4/16/2015 9:00:00 AM BISHOP'S COLUMN Mercy on the way
BY BISHOP EDWARD B. SCHARFENBERGER
It's easy to feel lost in a crowd. It even seems natural. No one knows anyone else. No one knows why anyone else is here or where anyone else is going. It's almost a feeling of isolation.
Feeling lonely in a crowd: Isn't there something strange about this, something unnatural? The picture changes, however, when you and everyone around you knows why you are here, together, in this crowd.
At a baseball game or a rock concert, there is a focal point -- a team or a tour -- that everyone wants to see or hear. Suddenly, everyone feels a certain connection that even leads to celebration: singing, clapping and cheering together. The crowd becomes a group of fans. A stadium can be full of the same people, but without a team or a troupe to root for, the bond felt among fans just dissolves into a crowd again.
The same thing can happen to a faith community, a church that loses its focus. It is not enough just to be in church to have a sense of family togetherness, the feeling of being connected and not just "assembled."
Surprisingly -- at least in the sense that we are often thrown off-guard when we are reminded -- the one reality that connects us as members of our Church is that we are sinners. That, at least, is what Pope Francis seems to feel. We are all sinners in need of God's mercy. The good news is, mercy is on the way the moment we seek its presence.
I may not be popular to talk about personal sin in a world so full of explosive violence and broken systems, where injustice and inequality are so pervasive. We believe in a God of justice who does not look away from evil and pain. God's look, however, is always a look of love and pardon.
Jesus is the face of God's love. What we see on the cross is Christ - God - absorbing sin and all its evil consequences and returning all the hate, violence and perversion with absolution.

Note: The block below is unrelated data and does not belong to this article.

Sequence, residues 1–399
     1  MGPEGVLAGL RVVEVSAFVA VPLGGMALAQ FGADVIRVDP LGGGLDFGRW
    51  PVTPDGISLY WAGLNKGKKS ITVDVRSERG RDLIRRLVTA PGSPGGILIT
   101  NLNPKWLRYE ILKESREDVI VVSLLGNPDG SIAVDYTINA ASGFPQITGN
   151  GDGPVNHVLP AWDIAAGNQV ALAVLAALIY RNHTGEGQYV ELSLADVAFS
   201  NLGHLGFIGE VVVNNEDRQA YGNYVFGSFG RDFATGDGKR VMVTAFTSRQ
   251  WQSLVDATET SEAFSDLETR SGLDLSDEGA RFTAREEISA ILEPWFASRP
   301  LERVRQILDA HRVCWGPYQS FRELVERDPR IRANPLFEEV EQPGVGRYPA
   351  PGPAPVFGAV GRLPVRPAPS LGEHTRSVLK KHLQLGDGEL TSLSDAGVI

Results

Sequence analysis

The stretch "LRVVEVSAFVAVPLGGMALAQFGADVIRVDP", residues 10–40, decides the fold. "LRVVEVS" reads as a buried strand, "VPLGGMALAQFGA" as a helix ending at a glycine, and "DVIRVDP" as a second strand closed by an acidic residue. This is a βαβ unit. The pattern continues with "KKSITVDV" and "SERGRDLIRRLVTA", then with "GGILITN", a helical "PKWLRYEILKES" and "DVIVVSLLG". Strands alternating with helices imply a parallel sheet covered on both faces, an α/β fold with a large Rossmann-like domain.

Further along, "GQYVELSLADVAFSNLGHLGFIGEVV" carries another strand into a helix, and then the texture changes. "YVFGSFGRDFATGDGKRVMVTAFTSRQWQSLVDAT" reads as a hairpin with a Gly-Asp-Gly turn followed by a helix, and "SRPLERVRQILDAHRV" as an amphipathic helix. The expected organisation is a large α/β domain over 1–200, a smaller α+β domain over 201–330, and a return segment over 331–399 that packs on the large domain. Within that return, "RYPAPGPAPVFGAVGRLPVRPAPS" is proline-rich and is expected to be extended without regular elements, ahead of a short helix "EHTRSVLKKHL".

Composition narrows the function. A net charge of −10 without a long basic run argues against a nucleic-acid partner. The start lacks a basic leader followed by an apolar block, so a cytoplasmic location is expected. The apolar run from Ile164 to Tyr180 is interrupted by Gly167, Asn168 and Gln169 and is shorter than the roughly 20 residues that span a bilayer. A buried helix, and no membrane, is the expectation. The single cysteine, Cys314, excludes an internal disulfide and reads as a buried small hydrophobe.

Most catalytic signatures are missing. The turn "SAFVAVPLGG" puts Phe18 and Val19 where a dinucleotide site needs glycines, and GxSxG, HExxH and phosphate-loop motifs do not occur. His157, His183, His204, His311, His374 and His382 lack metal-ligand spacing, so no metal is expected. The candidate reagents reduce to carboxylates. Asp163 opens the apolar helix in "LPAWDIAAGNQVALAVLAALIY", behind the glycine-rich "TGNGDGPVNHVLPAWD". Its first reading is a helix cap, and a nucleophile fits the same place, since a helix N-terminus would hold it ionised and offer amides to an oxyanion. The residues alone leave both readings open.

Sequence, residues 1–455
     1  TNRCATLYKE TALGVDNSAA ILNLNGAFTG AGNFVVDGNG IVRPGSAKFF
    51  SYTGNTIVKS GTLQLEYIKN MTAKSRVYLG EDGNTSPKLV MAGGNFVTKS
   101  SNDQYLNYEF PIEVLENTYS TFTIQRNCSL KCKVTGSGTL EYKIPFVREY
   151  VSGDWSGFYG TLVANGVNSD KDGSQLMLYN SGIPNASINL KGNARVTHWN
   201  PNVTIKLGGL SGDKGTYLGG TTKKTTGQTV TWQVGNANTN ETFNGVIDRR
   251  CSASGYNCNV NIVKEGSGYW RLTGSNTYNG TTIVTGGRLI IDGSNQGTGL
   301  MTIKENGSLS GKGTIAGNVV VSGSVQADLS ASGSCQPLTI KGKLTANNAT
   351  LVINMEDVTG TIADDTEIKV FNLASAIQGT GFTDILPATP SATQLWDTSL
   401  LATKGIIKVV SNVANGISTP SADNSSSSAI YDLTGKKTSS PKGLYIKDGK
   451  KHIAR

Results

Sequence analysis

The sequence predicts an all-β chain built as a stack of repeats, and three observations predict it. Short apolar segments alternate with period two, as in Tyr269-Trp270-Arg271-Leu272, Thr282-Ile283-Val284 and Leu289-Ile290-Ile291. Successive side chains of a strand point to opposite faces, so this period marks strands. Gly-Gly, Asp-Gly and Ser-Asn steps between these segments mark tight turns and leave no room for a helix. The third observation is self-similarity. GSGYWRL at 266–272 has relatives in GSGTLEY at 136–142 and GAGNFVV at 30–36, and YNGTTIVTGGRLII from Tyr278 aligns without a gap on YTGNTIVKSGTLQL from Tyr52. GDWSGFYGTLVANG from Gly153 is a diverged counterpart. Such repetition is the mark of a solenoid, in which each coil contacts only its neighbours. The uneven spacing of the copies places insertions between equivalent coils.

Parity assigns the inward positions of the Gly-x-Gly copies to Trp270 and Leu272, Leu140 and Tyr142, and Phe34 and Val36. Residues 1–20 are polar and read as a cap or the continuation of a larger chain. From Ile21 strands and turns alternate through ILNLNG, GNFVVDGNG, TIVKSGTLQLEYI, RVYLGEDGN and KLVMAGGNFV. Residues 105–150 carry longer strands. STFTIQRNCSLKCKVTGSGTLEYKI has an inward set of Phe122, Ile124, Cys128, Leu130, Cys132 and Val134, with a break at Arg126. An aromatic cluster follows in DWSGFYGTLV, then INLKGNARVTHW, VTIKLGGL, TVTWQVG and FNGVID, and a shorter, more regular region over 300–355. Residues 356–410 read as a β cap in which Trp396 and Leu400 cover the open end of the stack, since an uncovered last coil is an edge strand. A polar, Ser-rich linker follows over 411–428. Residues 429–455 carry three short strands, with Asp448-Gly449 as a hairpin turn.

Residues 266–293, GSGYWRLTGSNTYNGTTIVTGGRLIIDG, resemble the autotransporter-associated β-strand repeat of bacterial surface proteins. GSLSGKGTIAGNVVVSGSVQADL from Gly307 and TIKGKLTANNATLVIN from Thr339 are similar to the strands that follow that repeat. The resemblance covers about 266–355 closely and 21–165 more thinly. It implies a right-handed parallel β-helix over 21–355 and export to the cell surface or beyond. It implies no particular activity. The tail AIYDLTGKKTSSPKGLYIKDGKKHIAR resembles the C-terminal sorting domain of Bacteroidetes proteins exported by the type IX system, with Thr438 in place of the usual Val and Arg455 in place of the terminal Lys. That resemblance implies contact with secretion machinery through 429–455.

The only way to receive this mercy, however, is to see our own personal sins and transgressions reflected in the sufferings of Christ. Of course, we may not be physically present on Calvary, but we can certainly see the effects of sin in our suffering neighbor, who might just be the person next to us in a crowd, at a family table or even in a church pew.
Accepting our need for forgiveness and receiving it sacramentally through holy penance connects us to the source of all mercy: Jesus Himself. That alone will forge a bond among us that, wherever we are and whoever we are with, will never leave us alone or abandoned.
Pope Francis has just announced an extraordinary jubilee Year of Mercy, to begin Dec. 8, the Solemnity of the Immaculate Conception. In the weeks and months ahead, we will be praying and preparing in our parishes and throughout the Diocese to welcome this graced opportunity to experience personally the love of Jesus in our lives. It will help us not only to identify the sin that needs forgiving and the hurt that needs healing, but the merciful One who stands in our midst and opens His loving arms to each of us.
My prayer is that everyone will know Him as He really is: the God who loves us enough to die for us, even for you or me if we were the only person in the world.